Journal Article

Feeding compact bulges and supermassive black holes with low angular momentum cosmic gas at high redshift

Yohan Dubois, Christophe Pichon, Martin Haehnelt, Taysun Kimm, Adrianne Slyz, Julien Devriendt and Dmitry Pogosyan

in Monthly Notices of the Royal Astronomical Society

Published on behalf of The Royal Astronomical Society

Volume 423, issue 4, pages 3616-3630
Published in print July 2012 | ISSN: 0035-8711
Published online July 2012 | e-ISSN: 1365-2966 | DOI: http://dx.doi.org/10.1111/j.1365-2966.2012.21160.x
Feeding compact bulges and supermassive black holes with low angular momentum cosmic gas at high redshift

Show Summary Details

Preview

We use cosmological hydrodynamical simulations to show that a significant fraction of the gas in high redshift rare massive haloes falls nearly radially to their very centre on extremely short time-scales. This process results in the formation of very compact bulges with specific angular momentum a factor of 5–30 smaller than the average angular momentum of the baryons in the whole halo. Such low angular momentum originates from both segregation and effective cancellation when the gas flows to the centre of the halo along well-defined cold filamentary streams. These filaments penetrate deep inside the halo and connect to the bulge from multiple rapidly changing directions. Structures falling in along the filaments (satellite galaxies) or formed by gravitational instabilities triggered by the inflow (star clusters) further reduce the angular momentum of the gas in the bulge. Finally, the fraction of gas radially falling to the centre appears to increase with the mass of the halo; we argue that this is most likely due to an enhanced cancellation of angular momentum in rarer haloes which are fed by more isotropically distributed cold streams. Such an increasingly efficient funnelling of low angular momentum gas to the centre of very massive haloes at high redshift may account for the rapid pace at which the most massive supermassive black holes grow to reach observed masses around 109 M at an epoch when the Universe is barely 1 Gyr old.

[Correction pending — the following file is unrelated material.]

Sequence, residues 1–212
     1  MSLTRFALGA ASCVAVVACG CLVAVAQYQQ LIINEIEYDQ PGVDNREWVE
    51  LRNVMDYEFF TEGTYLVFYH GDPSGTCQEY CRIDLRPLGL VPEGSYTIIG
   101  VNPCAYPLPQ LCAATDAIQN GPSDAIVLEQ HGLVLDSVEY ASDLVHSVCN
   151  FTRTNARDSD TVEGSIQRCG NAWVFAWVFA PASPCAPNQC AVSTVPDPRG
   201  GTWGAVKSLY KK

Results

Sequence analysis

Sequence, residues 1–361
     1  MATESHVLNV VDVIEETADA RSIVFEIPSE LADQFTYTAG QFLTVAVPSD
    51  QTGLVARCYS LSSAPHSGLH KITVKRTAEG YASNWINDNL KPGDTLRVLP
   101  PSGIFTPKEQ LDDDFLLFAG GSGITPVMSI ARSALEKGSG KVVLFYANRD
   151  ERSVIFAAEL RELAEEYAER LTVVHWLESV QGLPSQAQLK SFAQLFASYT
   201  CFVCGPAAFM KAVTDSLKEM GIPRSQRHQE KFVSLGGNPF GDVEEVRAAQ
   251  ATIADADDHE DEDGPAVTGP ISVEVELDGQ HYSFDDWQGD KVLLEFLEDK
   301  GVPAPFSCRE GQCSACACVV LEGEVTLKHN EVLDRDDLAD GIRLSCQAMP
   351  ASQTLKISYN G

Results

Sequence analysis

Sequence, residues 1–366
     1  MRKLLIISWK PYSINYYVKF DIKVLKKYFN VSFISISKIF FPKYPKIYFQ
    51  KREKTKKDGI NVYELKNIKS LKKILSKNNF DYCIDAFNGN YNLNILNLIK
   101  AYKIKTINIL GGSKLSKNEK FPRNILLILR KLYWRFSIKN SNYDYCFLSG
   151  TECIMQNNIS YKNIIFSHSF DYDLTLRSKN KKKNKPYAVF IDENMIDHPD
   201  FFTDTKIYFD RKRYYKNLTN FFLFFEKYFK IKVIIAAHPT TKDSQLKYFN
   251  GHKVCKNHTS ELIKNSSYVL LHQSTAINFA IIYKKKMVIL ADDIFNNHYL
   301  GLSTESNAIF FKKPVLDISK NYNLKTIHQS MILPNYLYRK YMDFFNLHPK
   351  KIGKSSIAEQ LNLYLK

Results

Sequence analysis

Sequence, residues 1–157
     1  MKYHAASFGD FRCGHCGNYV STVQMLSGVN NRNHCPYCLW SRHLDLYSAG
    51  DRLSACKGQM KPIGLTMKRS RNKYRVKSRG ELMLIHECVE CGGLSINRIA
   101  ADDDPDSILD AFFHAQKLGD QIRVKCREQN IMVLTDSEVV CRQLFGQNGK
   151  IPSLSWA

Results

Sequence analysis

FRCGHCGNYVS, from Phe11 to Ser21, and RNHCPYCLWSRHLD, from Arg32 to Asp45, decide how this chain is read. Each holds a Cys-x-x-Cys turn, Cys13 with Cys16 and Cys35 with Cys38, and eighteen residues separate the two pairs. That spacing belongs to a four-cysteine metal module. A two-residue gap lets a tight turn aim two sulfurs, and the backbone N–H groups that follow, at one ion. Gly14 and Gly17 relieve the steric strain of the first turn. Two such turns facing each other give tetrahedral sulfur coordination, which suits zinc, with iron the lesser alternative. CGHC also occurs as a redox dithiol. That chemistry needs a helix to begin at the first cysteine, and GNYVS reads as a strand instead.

Keywords: cosmology: theory; galaxies: evolution; galaxies: formation; galaxies: haloes; galaxies: kinematics and dynamics; large-scale structure of Universe

Journal Article.  12097 words.  Illustrated.

Subjects: Astronomy and Astrophysics

Full text: subscription required

How to subscribe Recommend to my Librarian

Users without a subscription are not able to see the full content. Please, subscribe or login to access all content.